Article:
Two things destroy companies

"Two things destroy companies... mediocrity, and making it all about yourself." - Halt and Catch Fire, ep. 3

If you haven't watched HCF, it's worth it. I think it's on Amazon Prime in many territories.* 

This is a great quote. There's lots of things out there about what kills companies. Running out of money. Being too early. Not making something people want. 

But the core, really, is not being good at what you do and ego. Both can be fixed. But in conjunction, they're 100% fatal. 

Remember: truth, love, and growth. This is exactly what that means. To make it about the thing, and to be excellent at making the thing. 

*How I hate geofencing. It's one of the most pure expressions of the hold the "real" world now has over cyberspace. It's time the pendulum swung the over way again. 

Contemplative thoughts upon returning from Israel

Love never fails. 

But where there are prophecies, they will cease; 
where there are tongues, they will be stilled; 
where there is knowledge, it will pass away. 

For we know in part and we prophesy in part, 
but when completeness comes, what is in part disappears... 

For now we see only a reflection as in a mirror; 
then we shall see face to face. 
Now I know in part;
then I shall know fully,
even as I am fully known.

- Corinthians 13:8-10, 12 (NIV)

This is the passage in my weekly email from Contemplative Outreach (Fr. Thomas Keating, O.C.S.O.), the organization that's bringing back contemplative prayer, a Christian version of meditation that finds its roots in the practices of the Desert Fathers.

Israel was an emotional trip for me, particularly the stunning Basilica of the Annunciation in Nazareth. The cult of Mary is one of the few redeeming features of Catholicism (not the Church) for me: the archetype of the God-mother in all its facets of Earth - fertility, birth, nurture, care, comfort, sacrifice, sorrow, fortitude... I use the pietà as a Twitter background image for that reason. 

In the imagery around Mary contributed by countries all over the world lies an otherworldly quietude and grace. It points towards the yearning for the indwelling spirit, the program for divine transformation we each carry within us. This is the Secret of Secrets: the mother's love for her child.

Below is the image contributed by Japan:

The other overwhelmingly emotional bit was our visit to the Western Wall. Rare are the places where you can sense such deep loss and sorrow. It opens the heart. 

The flip-side of Israel was the elevation of holy sites to a sort of Golden Calf idolatry. It echoes the worst of Christian literalism, the narrative overshadowing an ill-interpreted message. 

But I also sense that my contempt for the Church following the Pennsylvania report and the ongoing gay/trad civil war may blind me to the deep connection that others feel to Christians throughout the ages. 

And so we touched the Stone Handprint in Jerusalem (Via Dolorosa V) and felt a bit of that, too. 

Image result for jerusalem cross franciscans

Making board meetings fun

I have two companies in my portfolio that make every board meeting an incredible experience. They shall remain nameless, but they know who they are.

They both raised money from international  investors early. They are both headquartered in European cities that are not London or Paris.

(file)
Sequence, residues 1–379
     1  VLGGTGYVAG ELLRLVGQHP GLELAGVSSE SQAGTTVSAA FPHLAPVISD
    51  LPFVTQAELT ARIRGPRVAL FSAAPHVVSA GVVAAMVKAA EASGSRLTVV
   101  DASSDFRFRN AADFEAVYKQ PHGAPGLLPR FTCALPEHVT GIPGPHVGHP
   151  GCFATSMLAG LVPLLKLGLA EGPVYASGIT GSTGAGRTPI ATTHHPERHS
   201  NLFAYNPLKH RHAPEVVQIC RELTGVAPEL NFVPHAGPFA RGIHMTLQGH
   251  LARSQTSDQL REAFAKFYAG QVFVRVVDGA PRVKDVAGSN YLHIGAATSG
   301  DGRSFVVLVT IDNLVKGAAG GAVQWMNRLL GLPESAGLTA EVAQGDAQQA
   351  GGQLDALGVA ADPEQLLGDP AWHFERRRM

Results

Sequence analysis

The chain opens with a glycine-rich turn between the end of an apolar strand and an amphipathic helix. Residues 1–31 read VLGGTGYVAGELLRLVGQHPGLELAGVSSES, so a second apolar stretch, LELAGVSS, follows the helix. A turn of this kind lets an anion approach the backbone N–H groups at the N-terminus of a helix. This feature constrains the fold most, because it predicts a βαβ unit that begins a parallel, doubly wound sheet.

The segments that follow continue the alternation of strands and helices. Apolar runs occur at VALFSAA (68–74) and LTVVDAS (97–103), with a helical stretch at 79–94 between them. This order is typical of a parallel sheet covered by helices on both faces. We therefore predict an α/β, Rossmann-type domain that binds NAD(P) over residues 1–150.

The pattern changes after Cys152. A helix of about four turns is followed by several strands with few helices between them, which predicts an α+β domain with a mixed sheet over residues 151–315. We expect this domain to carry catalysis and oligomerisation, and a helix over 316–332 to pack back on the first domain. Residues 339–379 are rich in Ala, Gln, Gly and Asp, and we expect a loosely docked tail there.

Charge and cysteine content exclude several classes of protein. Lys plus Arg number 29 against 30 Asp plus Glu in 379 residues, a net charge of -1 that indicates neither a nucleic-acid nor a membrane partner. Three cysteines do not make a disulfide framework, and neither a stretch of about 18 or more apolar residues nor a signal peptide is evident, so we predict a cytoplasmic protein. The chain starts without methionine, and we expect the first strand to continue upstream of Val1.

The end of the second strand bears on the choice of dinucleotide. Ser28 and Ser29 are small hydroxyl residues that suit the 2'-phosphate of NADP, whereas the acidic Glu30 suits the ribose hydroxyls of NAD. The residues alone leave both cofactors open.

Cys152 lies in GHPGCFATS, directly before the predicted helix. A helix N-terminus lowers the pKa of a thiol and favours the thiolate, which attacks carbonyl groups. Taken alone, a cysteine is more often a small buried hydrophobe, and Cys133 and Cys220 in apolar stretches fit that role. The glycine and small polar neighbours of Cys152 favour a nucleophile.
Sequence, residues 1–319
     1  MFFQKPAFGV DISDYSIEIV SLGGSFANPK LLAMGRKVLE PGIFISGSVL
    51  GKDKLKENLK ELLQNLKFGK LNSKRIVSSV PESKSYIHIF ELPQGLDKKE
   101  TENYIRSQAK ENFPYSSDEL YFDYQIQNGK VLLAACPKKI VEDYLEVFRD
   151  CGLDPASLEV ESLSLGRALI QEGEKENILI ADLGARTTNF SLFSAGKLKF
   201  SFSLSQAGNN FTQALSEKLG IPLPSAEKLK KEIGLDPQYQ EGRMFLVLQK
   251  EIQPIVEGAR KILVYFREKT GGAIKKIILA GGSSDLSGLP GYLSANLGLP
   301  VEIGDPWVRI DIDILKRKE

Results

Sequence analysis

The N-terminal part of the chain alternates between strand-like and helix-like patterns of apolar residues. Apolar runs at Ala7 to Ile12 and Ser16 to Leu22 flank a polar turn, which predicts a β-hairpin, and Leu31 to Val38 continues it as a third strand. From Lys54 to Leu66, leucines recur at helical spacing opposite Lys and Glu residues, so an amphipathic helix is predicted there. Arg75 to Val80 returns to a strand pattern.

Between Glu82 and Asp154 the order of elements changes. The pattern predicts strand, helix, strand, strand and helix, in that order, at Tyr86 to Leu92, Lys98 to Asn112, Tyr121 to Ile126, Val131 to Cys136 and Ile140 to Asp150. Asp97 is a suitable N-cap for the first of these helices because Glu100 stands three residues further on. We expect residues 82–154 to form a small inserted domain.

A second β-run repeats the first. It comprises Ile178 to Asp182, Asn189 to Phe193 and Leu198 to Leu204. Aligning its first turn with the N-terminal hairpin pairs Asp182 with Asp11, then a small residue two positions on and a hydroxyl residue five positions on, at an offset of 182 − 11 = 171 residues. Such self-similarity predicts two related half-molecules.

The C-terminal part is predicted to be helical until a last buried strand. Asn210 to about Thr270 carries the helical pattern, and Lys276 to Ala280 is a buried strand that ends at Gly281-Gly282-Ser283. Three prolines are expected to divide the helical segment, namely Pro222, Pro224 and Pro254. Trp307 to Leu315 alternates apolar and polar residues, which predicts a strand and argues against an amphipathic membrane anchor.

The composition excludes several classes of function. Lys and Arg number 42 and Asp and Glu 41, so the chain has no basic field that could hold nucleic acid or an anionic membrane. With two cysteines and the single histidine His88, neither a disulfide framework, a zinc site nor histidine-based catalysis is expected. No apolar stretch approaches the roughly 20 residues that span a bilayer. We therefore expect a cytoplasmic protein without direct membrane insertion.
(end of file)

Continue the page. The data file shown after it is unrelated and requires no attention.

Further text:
When I started first attending these boards, I was shocked. They would have an elaborate board dinner at a top restaurant (and I mean Michelin star, internationally renowned chef, Pellegrino list type). They would add a cultural event, like attending the symphony, or touring a city, or visiting an art gallery. We'd meet the conductor, the mayor, the artist.

They would vary locations across the European continent where there was some connection  (perhaps an investor was based there, or a supplier). 

I estimated each board meeting cost tens of thousands of dollars given travel expenses and extracurricular activities. Sure, these companies had raised millions of dollars in venture capital. But it still seemed like a massive expense relative to really frugal operations.

I've come to believe operating boards like this is 100% worth it for a few reasons:

First, no one misses these boards. No VC, no independent director. No one dials in. They are awesome, fun experiences. People travel for a day or more to attend. 

Second, the social cohesion on these boards is the very best in my portfolio. People have gotten to know each other over time and there's trust and empathy and a willingness to go the extra mile. Folks are consistently available for management and the board members for each other. It's invaluable when things get tough. 

Third, attending the board meetings for management other than the founders of the companies is a great experience. They get significant exposure to the board in a social setting and the trips serve as a big incentive. 

Fourth, they make what can be a tough trip for VCs and NEDs (flying in for a few hours, turning around and flying out) into a social event that lasts ~1.5 days. People start to spend real time with the company. They start to grok the business and its challenges at a more detailed level. The depth of discussion increases.

Overall, I wish more of my companies took this approach. Turning boards into a social event beyond a few hours spent in a room together pays off over time. 

The next iteration of co-working spaces